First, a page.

Food Industry Must Help Tackle Global Nutrition Crisis

Farmers muddy hands bundling bunch of organic dandelion greens in field
Farmers muddy hands bundling bunch of organic dandelion greens in field

With one in three people worldwide either overweight or undernourished, the global nutrition crisis affects every country on the planet and demands an urgent step-change in response.

The human costs of this nutrition 'double burden' are stark -- generations of children in poorer countries stunted by lack of essential nutrients, pandemics of heart disease, stroke, diabetes and cancers caused by poor diets and being overweight. The costs to the global economy are staggering: obesity alone costs approximately US$2 trillion annually, nearly three per cent of global GDP.

The release of the 2015-2020 U.S. Dietary Guidelines last week was yet another reminder of the importance of healthy eating, as well as the role that the public and private sector has in making these choices easier for Americans. Given its enormous reach and influence, the food and beverage industry can be a game changer in improving consumers' diets.

The way people eat is fundamentally affected by the quantity and nutritional quality of processed food available -- and how it is marketed, priced and distributed. Major food companies are increasingly realizing that they can, and must, be part of the solution by changing their core business practices.

Beyond companies' social responsibilities, it is squarely in their business and financial interests to increase the proportion of healthy products they offer. Particularly in more mature markets like the United States, consumers are turning away from processed foods and demanding healthier options. If food producers are to restore their market share -- and secure their long-term financial prospects -- they will urgently need to change course.

The Global Access to Nutrition Index is an independent benchmarking tool that measures the world's largest food and beverage manufacturers' contributions to better nutrition. It was developed and published by the independent not-for-profit organization, the Access to Nutrition Foundation.

The 2016 ranking, released today, is led by three companies -- Unilever, Nestlé and Danone -- because they are doing more than most to integrate nutrition into their core business models. This means having clearly articulated global nutrition strategies supported by their leadership -- and putting these strategies into practice by, for example, increasing the number of healthier products on offer and applying robust systems for measuring and improving the nutritional quality of their products.

These leading companies are also taking a more innovative approach to expansion into lower income countries. Unilever, for example, has rolled out a micro-distribution scheme in India and Africa, employing rural women to sell affordable nutritious products in remote communities.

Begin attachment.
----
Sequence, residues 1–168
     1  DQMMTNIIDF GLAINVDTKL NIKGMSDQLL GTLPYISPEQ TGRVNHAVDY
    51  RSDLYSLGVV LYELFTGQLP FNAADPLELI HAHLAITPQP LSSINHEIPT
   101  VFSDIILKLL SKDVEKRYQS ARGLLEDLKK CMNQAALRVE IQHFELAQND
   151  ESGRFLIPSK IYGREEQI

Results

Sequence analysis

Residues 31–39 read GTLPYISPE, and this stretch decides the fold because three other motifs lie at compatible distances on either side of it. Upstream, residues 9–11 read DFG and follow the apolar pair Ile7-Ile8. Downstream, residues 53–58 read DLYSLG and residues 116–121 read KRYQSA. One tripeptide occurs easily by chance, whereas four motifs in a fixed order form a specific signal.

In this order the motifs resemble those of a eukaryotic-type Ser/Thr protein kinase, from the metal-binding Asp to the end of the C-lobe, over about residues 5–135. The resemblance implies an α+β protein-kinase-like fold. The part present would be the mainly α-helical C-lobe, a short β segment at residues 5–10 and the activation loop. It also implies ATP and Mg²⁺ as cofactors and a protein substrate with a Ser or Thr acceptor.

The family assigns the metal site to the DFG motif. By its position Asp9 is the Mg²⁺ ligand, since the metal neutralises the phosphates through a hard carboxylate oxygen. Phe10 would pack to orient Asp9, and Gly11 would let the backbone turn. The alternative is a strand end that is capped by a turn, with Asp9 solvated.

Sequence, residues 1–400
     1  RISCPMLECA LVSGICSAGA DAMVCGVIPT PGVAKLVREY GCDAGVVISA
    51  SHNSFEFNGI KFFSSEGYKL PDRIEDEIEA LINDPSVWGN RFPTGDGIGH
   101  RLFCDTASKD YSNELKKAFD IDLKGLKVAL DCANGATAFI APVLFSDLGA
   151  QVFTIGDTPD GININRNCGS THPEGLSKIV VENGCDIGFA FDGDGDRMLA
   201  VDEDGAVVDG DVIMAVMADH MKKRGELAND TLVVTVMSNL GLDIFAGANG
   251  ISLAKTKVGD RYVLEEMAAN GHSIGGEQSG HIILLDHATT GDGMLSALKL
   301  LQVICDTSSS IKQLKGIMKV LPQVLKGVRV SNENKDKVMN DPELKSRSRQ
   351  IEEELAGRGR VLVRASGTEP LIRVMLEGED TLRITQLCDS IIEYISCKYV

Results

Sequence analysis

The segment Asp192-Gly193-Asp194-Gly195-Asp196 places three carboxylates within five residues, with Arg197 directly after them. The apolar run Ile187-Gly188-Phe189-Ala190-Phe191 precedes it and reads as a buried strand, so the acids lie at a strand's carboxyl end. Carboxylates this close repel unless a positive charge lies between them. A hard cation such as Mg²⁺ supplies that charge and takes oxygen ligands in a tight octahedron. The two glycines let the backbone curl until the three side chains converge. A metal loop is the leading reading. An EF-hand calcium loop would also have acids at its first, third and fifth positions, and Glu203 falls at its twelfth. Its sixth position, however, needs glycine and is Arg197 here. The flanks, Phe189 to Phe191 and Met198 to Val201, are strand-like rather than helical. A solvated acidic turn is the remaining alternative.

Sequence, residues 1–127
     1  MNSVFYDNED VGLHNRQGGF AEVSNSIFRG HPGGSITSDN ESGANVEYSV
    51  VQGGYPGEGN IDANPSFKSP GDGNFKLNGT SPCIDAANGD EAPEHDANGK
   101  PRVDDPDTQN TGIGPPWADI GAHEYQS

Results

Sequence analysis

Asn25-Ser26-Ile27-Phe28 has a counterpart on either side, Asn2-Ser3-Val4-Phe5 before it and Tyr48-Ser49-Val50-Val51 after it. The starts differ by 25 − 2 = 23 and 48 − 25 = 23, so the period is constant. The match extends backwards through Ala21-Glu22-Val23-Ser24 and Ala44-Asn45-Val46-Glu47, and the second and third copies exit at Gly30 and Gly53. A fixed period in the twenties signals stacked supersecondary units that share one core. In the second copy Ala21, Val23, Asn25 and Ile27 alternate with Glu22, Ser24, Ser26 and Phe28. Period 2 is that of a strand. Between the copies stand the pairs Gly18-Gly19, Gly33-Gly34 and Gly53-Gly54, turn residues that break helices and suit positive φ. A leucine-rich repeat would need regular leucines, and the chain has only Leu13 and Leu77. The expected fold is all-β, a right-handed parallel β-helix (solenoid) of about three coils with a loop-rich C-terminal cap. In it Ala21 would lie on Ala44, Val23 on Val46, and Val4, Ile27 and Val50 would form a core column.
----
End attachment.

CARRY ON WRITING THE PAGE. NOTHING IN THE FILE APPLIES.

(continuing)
Unfortunately, these kinds of practices are far from widespread. While our research shows the industry has made some progress since the first Global Access to Nutrition Index in 2013, there is still room for major improvement in all the 22 companies ranked in 2016. No company scored more than 6.4 out of 10.

Across the board, companies need to improve the nutritional composition of their products, lowering the proportion of sugar, fats and salt and increasing levels of healthier ingredients. They need to market and label them more responsibly and make serving sizes smaller. Critically, they must apply the same commitments and standards globally as they do in their home countries to allow consumers in low-income countries to access healthy diets.

Many of the companies have expansion goals in emerging economies, a challenging prospect given the size and fragility of some of these markets. Their ongoing lack of focus on persistent undernutrition is a cause for particular concern. Only four of the 22 companies assessed are currently reformulating their products with a focus on undernourished children.

The Global Access to Nutrition Index 2016 also assessed the world's largest manufacturers of baby foods to gauge the extent to which their marketing policies conform to international standards. The World Health Organisation's International Code of Marketing of breast milk substitutes sets out recommendations for how breast milk substitutes should be marketed globally so as not to undermine breastfeeding or compromise infants' growth and development.

While there was significant variation in the companies' performance, none of the six manufacturers assessed for this sub-ranking was found to be fully compliant with The Code. Independent research carried out for the Access to Nutrition Foundation in Vietnam and Indonesia revealed numerous examples of non-compliance indicating that all of the companies' management systems are in need of an overhaul.

The pivotal contribution that the private sector can make towards the Sustainable Development Goals is increasingly being recognized and advocated. It is positive that food and beverage companies are embracing the Global Access to Nutrition Index as an independent benchmarking tool and a framework against which they can measure and improve their own performance. Of the 22 companies ranked in the 2016 Index, 17 actively engaged with our research. Investors too are increasingly using the Index to inform their corporate engagement and investment decisions.

We now need to see accelerated action. By embracing and delivering on a commitment to improve nutrition, companies can also open up business opportunities. The costs of not doing so are dire. The food and beverage industry stands at a critical crossroads - it is time it assumed its rightful place as a catalyst for a healthier world.